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Jacquie Day - Blog Post 1: Learning to Live in New Lands: First Impressions

Jacquie Day - Blog Post 1: Learning to Live in New Lands: First Impressions

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Well, I’m here. Believing it or not. Part of me is in belief, and the other part dis.  It’s strange to be here, without really the intention of traveling. To have to settle into life in Trivandrum feels oh so foreign. It is more conservative here than I had anticipated. Though I was told this, I really didn’t know what it would feel like, to instantly have some freedoms not granted. First of all, there is no nightlife in this city. Most people are asleep or at home by 10 pm, mostly all women are not out after 9, and around 6:30 pm it gets dark and becomes obvious that there are far less women on the streets. Almost every woman I have seen wears a Sari or a Kurta (like a tunic) and pants. I have generally been wearing the same, and finding myself simultaneously more and less comfortable. I want to do what is being modeled around me, and yet I also do not want to simply accept what is going on around me either. It is a strange place to find balance in, and inevitably I stick out, because I am white, and perhaps also because I am a women.  Sister Sally, my ‘boss’, tells me that women do not travel, live or go places by themselves, so it is curious to others that I have come all this way and am living in this place on my own.

It is painfully obvious to me, how easy my life is back in Victoria. I generally think, feel, act, and do, whatever I please. It is not that I cannot be myself here, it is more that I feel the need to censor myself, and attempt to blend in as much as I can. Not to mention the fact that there are language barriers, which make it somewhat of a challenge to express myself clearly.

My options simply feel limited. I have been acutely aware of the color of my skin since I have arrived. There is an inherent privilege that comes with being white, Western, middle-class, university-educated and I cannot help but think that my struggles here have so much to do with the fact that those privileges do not mean the same thing here.

Trivandrum is not a very touristy place, and there is not an ex-pat community I am aware of. Of course there are some foreigners here, as most places, but it seems like people either stare and are very surprised by my presence, or simply do not care about me. I am not sure which I prefer. Granted I am still finding opportunities for connection, but I feel at times that people struggle to make sense of me. I do wonder what my experience would be like in Delhi, which though it is congested, is also a more international city.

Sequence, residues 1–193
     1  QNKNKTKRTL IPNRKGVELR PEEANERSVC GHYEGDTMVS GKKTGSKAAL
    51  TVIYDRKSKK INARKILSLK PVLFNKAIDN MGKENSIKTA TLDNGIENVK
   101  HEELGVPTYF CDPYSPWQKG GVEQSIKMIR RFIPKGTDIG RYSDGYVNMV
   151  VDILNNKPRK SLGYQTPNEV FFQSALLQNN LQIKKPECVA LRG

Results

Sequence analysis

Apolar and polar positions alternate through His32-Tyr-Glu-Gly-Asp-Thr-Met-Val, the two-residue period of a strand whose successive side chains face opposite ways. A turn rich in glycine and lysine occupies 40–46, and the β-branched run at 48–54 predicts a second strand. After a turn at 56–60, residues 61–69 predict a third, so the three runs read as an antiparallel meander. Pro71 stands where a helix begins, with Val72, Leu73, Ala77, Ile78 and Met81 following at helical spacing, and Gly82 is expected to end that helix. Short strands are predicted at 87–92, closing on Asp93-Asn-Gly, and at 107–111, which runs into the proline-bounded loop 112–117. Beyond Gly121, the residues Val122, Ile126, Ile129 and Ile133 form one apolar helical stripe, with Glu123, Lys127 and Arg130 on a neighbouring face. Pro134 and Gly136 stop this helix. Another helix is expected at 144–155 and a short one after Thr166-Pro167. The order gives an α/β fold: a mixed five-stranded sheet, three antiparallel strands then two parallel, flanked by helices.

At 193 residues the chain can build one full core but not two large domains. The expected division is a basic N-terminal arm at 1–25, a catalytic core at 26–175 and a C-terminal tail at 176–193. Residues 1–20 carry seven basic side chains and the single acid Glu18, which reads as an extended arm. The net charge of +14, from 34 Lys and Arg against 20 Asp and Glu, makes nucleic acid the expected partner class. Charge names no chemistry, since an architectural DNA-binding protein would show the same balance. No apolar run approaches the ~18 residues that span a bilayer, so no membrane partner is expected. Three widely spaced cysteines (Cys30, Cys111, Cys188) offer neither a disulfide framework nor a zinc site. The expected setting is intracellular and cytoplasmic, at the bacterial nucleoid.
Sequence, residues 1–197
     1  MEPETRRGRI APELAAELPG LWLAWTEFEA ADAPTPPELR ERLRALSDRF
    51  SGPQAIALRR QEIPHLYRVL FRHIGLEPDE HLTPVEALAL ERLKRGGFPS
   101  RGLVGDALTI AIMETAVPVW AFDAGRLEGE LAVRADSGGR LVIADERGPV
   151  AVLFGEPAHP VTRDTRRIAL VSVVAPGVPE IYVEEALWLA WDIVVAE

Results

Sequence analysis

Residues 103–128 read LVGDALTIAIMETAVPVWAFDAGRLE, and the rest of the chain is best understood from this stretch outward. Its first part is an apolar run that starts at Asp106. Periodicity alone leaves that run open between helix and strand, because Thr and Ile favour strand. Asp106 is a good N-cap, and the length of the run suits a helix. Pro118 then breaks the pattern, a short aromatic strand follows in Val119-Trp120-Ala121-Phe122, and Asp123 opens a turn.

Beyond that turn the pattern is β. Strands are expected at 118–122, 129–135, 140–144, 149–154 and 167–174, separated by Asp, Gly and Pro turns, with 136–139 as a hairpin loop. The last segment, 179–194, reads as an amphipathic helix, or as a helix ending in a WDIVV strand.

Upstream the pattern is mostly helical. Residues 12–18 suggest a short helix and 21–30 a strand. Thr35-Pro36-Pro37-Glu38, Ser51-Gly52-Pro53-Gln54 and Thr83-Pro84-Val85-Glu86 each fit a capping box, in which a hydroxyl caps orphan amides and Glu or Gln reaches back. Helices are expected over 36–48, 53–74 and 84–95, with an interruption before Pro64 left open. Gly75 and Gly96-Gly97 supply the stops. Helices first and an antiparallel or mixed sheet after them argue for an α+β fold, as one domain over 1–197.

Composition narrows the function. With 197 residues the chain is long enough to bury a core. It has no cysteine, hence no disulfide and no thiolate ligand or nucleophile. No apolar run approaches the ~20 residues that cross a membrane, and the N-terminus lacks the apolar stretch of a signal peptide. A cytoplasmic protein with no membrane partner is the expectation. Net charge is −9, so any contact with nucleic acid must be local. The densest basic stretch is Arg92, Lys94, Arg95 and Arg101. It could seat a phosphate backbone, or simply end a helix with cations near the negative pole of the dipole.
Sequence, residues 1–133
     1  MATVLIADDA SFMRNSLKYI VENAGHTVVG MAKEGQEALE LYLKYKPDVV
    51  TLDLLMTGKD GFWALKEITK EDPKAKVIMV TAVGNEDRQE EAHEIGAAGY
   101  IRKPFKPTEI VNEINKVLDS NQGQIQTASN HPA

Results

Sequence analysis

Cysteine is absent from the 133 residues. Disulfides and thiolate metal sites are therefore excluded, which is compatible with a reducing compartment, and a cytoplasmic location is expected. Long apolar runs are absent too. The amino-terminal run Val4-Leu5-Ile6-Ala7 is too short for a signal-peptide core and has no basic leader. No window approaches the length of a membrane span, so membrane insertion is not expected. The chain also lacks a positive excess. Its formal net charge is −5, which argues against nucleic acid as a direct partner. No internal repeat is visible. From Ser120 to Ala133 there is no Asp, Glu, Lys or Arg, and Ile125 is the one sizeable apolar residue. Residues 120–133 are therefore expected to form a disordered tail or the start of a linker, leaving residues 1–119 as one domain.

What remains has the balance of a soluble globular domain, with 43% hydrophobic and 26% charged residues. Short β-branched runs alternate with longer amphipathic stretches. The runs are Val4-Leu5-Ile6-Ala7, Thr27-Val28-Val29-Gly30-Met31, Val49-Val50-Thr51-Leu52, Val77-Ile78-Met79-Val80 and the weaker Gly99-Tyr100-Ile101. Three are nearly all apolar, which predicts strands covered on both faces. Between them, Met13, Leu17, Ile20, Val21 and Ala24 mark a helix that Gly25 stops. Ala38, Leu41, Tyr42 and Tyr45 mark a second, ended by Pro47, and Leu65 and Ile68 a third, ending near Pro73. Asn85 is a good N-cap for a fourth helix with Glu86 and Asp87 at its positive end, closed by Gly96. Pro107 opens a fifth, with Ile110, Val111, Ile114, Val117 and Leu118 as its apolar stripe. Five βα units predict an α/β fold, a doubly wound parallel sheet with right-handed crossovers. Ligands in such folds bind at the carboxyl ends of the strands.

The patriarchy here is potent. Women are both protected and exploited. When I have been out with Victor, the current intern who I am replacing, shopkeepers and restaurant workers refer to him, more than me. They assume he is paying for everything and address him much more. It is a strange dichotomy- my presence is very obvious and known, and yet I feel I have no place. It was what I was warned about coming here, that I would struggle to feel a sense of place, and even purpose.

I remember the words of a past intern, Adam, who said that my presence here is mostly symbolic. I feel that, and I also wonder what I am symbolizing. Part of me wants to escape. I feel more trapped in my body than I could have anticipated. I am currently getting over a few-day bout of what I assume was food poisoning or contamination, and so therefore feel held back. But I also feel held hostage by my being female, and by my skin color. People take photos of me, just because I am white. I feel like a celebrity in the worst kind of way. But I guess that is how celebrities are known, for by what they appear to be. I assume that my whiteness represents wealth, perhaps a different life, and something people here do not have (for better or for worse). My plane ticket costs what some people make in a year here. I feel the weight of every other Western traveler who has come before me, choosing India to be the place of their spiritual seeking, and perhaps consuming the cultures they meet along the way. I cannot pretend I do not want to be like them, but more that I want to really know the impact (or lack thereof) of me being here. Both in the lives of the people I will come to know, and mostly in my own. I am here for myself, and yet I know there is another piece to it. It is fair to say I am being challenged. My comforts and my safety feel so far away. I feel that I have taken for granted the space that my home in Canada provides; the freedom of movement I am used to having, and the light in knowing that it is all going to be okay.